After Monday night’s drubbing of the Texans, the Patriots stand alone as the top contender in the AFC.
We’ll know if the Patriots are the clear-cut Super Bowl favorite after they host the 49ers in arguably the NFL’s top game of the season on Sunday night at Gillette Stadium.
The 49ers (9-3-1) are the most well-rounded team the Patriots have faced this season, and that likely will hold through the end of this month.
On offense, the 49ers have a superb offensive line, receiver, tight end, and running back.
On defense, the 49ers’ front seven, with linebackers Aldon Smith (league-leading 19.5 sacks), Patrick Willis (140 tackles), NaVorro Bowman (150 tackles), and Ahmad Brooks (40 pressures) and end Justin Smith (52 quarterback hits, 77 pressures), is arguably the best in football — though the Patriots probably will be out to show the country that theirs is.
As with most of these huge showdowns, the game likely will be decided by the quarterbacks. Tom Brady of the Patriots will put his MVP credentials on display again, against second-year quarterback Colin Kaepernick. He is making his fifth start after replacing veteran Alex Smith, who lost his job after suffering a concussion.
Kaepernick (6 feet 3 inches, 230 pounds) is lanky and a very good athlete. He’s a dual threat throwing (67.4 completion percentage) and running (7.6-yard average, five touchdowns including a 50-yarder in last week’s win over the Dolphins). But he’s never been in a game this big, and his play from the pocket has trended downward since a terrific first start in a 32-7 victory over the Bears Nov. 19. Expect the Patriots to make Kaepernick beat them from the pocket to emerge with a victory.
A look at the 49ers:
It all starts up front with an offensive line that is big and strong. From left to right: Joe Staley (6-5, 315), Mike Iupati (6-5, 331), Jonathan Goodwin (6-3, 318), Alex Boone (6-8, 300), and Anthony Davis (6-5, 323). They’re all good, especially in the run game, with Boone and Davis the most susceptible to giving up pressure against the pass. The line paves the way for the explosive running attack of Frank Gore, and rookie speedster LaMichael James. Gore, who is powerful and surprisingly agile, was terrific against a very good Dolphins defense. Michael Crabtree is rounding in the all-around receiver the 49ers were hoping for. Former Giants receiver Mario Manningham (shoulder) missed the Dolphins game but could return against the Patriots. He has an obvious connection with Kaepernick. Randy Moss gets about 22 snaps a game, and rookie A.J. Jenkins has started to get into the mix. Tight end Vernon Davis is still one of the league’s best, and Delanie Walker is versatile. The 49ers use a ton of personnel packages and formations — the Patriots will see various versions of the pistol formation and read option game. The Rams, whom the Patriots trounced but are 1-0-1 vs. the 49ers this season, played all zone against them two weeks ago.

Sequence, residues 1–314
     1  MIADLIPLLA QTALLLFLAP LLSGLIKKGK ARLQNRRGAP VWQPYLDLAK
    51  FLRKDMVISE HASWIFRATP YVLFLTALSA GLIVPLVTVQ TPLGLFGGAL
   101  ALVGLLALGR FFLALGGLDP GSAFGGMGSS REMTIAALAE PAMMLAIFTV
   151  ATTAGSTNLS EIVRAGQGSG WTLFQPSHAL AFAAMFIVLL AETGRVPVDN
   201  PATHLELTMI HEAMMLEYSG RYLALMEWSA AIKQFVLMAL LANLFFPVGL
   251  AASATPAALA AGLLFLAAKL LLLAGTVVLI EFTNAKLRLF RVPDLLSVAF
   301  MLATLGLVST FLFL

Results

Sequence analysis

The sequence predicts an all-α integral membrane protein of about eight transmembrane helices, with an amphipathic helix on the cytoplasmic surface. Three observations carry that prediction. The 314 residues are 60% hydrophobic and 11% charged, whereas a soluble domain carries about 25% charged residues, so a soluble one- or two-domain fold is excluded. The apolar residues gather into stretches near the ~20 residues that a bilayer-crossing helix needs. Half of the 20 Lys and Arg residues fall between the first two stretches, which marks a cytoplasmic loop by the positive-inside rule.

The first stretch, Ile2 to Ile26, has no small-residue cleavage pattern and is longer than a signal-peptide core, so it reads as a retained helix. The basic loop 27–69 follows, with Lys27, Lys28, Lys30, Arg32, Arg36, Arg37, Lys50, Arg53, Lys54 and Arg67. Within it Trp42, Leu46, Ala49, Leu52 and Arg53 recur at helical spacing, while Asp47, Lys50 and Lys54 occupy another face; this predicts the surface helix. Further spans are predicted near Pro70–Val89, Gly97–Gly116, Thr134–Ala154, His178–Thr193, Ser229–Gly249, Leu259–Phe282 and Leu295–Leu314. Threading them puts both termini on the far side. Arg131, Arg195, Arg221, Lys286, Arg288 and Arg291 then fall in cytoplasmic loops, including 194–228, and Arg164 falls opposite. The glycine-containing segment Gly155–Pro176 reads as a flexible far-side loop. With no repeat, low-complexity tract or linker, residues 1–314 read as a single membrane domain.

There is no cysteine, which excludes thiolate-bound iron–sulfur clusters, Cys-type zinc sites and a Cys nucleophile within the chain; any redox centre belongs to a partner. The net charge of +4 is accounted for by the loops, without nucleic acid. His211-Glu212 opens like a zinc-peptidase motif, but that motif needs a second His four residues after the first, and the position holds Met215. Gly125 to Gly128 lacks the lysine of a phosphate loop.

The front seven is terrific, fast, and physical. End Ray McDonald and nose tackle Isaac Sopoaga are the other starters up front and hold their own. The Smith duo run perhaps the best stunts in the league, so the left side of the Patriots’ line will need to have their communication perfect on Sunday night. The secondary can be had. Safeties Donte Whitner and Dashon Goldson get to the ball but can be boom or bust. Same goes for cornerbacks Carlos Rogers (left) and Tarell Brown (right). Rogers kicks inside in the nickel package and the capable Chris Culliver takes over at left cornerback.
Punter Andy Lee is the league’s best. Kicker David Akers has struggled this year over 40 yards (7 of 15). James (kickoffs) and Ted Ginn Jr. are very explosive in the return game.